HDMI over IP is a category that has grown significantly since we first saw it more than four years ago. Who is offering what? What is the compatibility between the various solutions? What influence does this have on the rest of the home network infrastructure? These are key things to look for as “plain copper connections” run out of room with increasing digital signal speeds and links to projectors.
Home health and “aging in place” technology is an area that, as baby boomers such as myself move up the age scale, and as our parents are living longer and better lives, should be considered as a wide-open market opportunity. This is a category where you not only need to look for products, but for education, as well.
Within the smart security realm, connected locks and doorbells are another growing category. What is available not only in terms of products, but in how they are installed and connected? Put camera and HVAC control in this area, as well. Many of the current favorites are due for line refresh; will you see any of them at CEDIA? The other side of “security” is network security. DNS/DDoS attacks can leave a door open for hackers, but they also open a door for you to walk through to make sure your client systems are as secure as possible, and that connected products are upgradeable.
Last but not least, there are other products you might not think about until it is too late. For instance, CEDIA is the best place to look for the newest options for screen technology, flat panel mounts, automated window shades and controllers, in-wall speakers, and all the rest. On the business side, what’s new in bid and project management software, or even the latest panel vans? Finding one new way to do something quicker and easier may well pay for your entire trip.
Before you set off for the show floor, think about looking for “the next big thing.” This guide has intentionally focused on product categories, rather than specific products. We’ve tried to address the hot-button topics, but there is also the unknown, disruptive product that none of us could anticipate. Follow the news during CEDIA, particularly through the Residential Systems website and blogs to see what pops up out of nowhere that could stand everything on its head. And, be certain to enjoy San Diego, one of the best cities in the country. From the Gaslight District to the CEDIA Awards celebration aboard the USS Midway, this first-time location for CEDIA will provide many great opportunities to take a breather and decompress from the hustle and bustle of the convention center.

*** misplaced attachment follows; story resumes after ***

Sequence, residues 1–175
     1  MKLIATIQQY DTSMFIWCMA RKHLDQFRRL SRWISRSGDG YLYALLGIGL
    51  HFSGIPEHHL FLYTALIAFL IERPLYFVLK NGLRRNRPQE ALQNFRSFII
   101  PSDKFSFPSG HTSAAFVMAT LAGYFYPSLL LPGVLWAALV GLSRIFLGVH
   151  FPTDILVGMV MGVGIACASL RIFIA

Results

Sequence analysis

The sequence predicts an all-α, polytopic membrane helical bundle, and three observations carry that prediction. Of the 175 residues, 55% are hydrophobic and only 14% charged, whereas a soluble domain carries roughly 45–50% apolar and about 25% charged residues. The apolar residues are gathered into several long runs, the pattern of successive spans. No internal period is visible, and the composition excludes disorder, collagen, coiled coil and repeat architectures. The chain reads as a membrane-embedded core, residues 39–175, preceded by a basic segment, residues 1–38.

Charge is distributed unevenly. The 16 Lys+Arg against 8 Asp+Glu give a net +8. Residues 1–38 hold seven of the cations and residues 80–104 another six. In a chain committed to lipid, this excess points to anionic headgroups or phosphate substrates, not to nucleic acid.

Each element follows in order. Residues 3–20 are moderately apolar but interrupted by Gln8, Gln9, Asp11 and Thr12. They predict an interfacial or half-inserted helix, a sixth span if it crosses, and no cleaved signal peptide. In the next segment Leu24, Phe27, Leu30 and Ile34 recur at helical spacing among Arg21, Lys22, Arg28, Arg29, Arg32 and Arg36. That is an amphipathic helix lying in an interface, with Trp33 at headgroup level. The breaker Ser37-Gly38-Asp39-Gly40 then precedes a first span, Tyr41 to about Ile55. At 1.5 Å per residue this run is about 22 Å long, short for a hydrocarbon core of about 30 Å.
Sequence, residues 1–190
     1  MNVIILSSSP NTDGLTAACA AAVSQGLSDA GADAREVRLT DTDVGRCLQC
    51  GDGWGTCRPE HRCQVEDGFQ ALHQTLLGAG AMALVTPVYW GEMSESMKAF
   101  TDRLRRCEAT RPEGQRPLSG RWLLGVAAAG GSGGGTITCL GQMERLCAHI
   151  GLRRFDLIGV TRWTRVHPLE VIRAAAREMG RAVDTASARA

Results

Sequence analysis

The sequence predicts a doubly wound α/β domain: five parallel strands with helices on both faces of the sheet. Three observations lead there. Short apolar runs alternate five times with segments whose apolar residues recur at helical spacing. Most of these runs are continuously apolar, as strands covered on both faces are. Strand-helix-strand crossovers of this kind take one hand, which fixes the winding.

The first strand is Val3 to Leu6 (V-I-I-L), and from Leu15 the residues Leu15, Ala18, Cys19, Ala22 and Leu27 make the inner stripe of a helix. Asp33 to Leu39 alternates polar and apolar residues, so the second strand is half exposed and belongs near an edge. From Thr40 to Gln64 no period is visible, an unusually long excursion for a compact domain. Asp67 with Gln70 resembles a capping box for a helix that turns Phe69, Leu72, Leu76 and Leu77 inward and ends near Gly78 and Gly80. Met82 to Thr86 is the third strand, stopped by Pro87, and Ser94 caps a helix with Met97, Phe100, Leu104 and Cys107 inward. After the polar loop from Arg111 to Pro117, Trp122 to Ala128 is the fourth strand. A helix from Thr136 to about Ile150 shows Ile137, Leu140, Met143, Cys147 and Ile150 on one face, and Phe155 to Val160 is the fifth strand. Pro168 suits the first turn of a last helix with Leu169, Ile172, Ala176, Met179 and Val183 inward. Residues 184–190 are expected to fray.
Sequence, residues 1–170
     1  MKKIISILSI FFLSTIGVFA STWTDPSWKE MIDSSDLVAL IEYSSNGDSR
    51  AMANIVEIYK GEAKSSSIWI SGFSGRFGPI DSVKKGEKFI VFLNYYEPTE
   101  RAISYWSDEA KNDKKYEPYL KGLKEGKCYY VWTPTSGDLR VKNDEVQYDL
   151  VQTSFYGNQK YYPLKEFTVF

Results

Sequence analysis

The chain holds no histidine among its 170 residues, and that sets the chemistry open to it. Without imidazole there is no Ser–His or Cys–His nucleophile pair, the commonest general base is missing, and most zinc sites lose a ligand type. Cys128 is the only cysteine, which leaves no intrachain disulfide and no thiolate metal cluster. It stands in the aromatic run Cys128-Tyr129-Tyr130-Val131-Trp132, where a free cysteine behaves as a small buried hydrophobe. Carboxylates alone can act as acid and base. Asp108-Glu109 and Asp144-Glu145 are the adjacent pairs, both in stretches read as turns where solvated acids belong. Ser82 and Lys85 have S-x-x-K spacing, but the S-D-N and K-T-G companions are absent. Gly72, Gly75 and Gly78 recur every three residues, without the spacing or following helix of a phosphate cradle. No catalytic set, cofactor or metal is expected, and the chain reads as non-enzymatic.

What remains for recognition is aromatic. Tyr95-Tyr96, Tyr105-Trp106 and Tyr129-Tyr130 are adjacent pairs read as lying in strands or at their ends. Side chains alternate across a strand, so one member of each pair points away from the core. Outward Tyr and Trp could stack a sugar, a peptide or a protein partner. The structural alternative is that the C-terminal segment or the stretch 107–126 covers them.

It hope that this will help you put together the best way to maximize your trip or prioritize what to look for in the show reports. Don’t forget the keynotes, open sessions, and CEDIA Talks, as well. With a little bit of planning you will have the best CEDIA ever. Did I forget something? Look for “the guy in the test pattern jacket” (maybe I’ll see you in one of my courses or seminars). Say hello and tell me what you’ve found. The entire RS team will share their finds in the months ahead.
Michael Heiss, a CEDIA Fellow, is a contributor editor to Residential Systems, based in Sherman Oaks, CA.